Derogatis LR, Melisaratos N (1983) The brief symptom inventory: an introductory report. Psychol Med 13(3):595–605

    Article  PubMed  Google Scholar 

  53. 53.

    Sadeh A (2004) A brief screening questionnaire for infant sleep problems: validation and findings for an Internet sample. Pediatrics 113(6):e570–e577

    Article  PubMed  Google Scholar 

  54. 54.

    Tolin DF, Diefenbach GJ, Flessner CA, Franklin ME, Keuthen NJ, Moore P, Piacentini J, Stein DJ, Woods DW (2008) The trichotillomania scale for children: development and validation. Child Psychiatry Hum Dev 39(3):331–349

    Article  PubMed  Google Scholar 

  55. 55.

    Drake KL, Ginsburg GS (2012) Family factors in the development, treatment, and prevention of childhood anxiety disorders. Clin Child Fam Psychol Rev 15(2):144–162

    Article  PubMed  Google Scholar 

  56. 56.

    Burstein M, Ginsburg GS, Tein J-Y (2010) Parental anxiety and child symptomatology: an examinzation of additive and interactive effects of parent psychopathology. J Abnorm Child Psychol 38(7):897–909

    Article  PubMed  PubMed Central  Google Scholar 

  57. 57.

    Bögels SM, Brechman-Toussaint ML (2006) Family issues in child anxiety: attachment, family functioning, parental rearing and beliefs. Clin Psychol Rev 26(7):834–856

    Article  PubMed  Google Scholar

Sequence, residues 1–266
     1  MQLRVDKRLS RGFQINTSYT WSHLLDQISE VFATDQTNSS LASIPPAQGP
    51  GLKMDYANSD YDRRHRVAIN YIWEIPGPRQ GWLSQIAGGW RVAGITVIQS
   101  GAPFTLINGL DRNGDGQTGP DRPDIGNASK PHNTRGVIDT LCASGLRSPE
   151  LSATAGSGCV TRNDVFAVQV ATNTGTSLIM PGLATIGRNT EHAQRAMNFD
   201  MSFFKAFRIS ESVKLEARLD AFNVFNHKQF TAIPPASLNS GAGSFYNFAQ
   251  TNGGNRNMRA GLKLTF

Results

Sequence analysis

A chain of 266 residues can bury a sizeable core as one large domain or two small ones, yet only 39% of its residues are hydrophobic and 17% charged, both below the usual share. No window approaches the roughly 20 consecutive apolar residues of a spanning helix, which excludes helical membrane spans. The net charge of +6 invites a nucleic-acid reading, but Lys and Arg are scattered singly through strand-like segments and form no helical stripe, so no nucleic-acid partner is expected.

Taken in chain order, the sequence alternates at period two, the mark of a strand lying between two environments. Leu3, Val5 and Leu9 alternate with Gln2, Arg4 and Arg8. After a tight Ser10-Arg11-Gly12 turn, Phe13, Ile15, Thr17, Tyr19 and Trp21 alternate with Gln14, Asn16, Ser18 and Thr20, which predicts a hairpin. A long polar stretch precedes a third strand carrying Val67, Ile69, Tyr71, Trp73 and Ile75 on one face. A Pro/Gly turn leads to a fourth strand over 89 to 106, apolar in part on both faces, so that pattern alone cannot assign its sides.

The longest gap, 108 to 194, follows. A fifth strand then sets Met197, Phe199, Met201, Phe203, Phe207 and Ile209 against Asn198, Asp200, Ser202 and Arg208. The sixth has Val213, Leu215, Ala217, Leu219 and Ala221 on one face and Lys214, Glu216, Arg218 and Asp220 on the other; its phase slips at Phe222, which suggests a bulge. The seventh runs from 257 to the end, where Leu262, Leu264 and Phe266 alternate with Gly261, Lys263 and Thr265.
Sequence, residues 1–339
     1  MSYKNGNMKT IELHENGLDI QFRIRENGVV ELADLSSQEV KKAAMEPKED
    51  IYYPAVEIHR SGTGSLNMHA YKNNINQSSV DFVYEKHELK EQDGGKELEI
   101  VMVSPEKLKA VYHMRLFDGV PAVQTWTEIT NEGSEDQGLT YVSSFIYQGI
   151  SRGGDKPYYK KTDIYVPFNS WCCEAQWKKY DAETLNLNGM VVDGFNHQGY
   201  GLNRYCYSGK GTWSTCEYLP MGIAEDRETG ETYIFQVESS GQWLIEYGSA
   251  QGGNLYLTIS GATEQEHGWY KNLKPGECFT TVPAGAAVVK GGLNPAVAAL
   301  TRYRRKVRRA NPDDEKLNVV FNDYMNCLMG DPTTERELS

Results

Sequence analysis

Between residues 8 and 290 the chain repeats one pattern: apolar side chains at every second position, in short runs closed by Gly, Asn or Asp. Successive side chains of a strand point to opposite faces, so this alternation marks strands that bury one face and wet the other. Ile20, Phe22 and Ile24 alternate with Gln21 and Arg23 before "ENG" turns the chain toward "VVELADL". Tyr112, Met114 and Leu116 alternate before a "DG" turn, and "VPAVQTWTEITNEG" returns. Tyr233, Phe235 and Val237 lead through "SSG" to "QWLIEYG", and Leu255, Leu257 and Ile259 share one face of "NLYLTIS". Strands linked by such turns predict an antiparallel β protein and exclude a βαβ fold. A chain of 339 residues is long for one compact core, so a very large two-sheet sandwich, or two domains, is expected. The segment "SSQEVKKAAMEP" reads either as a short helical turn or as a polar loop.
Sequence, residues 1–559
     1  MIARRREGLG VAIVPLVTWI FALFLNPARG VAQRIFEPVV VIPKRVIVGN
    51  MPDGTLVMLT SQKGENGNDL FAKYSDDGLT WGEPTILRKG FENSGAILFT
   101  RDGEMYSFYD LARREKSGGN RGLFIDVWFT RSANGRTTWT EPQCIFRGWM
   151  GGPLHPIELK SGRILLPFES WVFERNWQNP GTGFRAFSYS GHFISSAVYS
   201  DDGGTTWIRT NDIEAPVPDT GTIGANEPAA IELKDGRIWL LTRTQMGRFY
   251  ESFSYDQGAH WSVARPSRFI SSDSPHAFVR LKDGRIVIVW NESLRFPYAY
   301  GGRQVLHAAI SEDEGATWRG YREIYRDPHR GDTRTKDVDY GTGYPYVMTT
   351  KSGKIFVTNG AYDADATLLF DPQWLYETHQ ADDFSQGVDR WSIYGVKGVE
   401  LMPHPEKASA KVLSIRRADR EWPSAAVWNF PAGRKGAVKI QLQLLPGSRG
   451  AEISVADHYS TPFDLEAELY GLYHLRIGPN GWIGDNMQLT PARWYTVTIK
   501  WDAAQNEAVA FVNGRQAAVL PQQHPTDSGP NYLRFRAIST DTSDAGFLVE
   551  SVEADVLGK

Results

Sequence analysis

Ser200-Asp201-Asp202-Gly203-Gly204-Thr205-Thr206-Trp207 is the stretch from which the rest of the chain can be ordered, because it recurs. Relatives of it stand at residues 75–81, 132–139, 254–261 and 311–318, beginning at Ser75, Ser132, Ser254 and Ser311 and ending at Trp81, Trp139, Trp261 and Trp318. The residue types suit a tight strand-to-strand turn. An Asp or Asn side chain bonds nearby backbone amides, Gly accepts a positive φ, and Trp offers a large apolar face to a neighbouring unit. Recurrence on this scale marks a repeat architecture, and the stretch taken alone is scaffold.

58. 58.

    Crawford AM, Manassis K (2001) Familial predictors of treatment outcome in childhood anxiety disorders. J Am Acad Child Adolesc Psychiatry 40(10):1182–1189

    Article  PubMed  Google Scholar 

  59. 59.

    Brendel KE, Maynard BR (2014) Child–parent interventions for childhood anxiety disorders: a systematic review and meta-analysis. Res Social Work Prac 24(3):287–295

    Article  Google Scholar 

  60. 60.

    Negreiros J, Miller LD (2014) The role of parenting in childhood anxiety: etiological factors and treatment implications. Clin Psychol Sci Pract 21(1):3–17

    Article  Google Scholar 

  61. 61.

    Shapiro DN, Chandler J, Mueller PA (2013) Using mechanical Turk to study clinical populations. Clin Psychol Sci 1(2):213–220

    Article  Google Scholar 

  62. 62.

    Paolacci G, Chandler J, Ipeirotis PG (2010) Running experiments on Amazon mechanical Turk. Judgm Decis Mak 5(5):411–419

    Google Scholar 

Download references

Author information



Corresponding author

Correspondence to Christopher A. Flessner.

Rights and permissions

Reprints and Permissions

About this article

Verify currency and authenticity via CrossMark

Cite this article

Flessner, C.A., Murphy, Y.E., Brennan, E. et al. The Parenting Anxious Kids Ratings Scale-Parent Report (PAKRS-PR): Initial Scale Development and Psychometric Properties. Child Psychiatry Hum Dev 48, 651–667 (2017).

Download citation


  • Anxiety
  • Parenting
  • Family functioning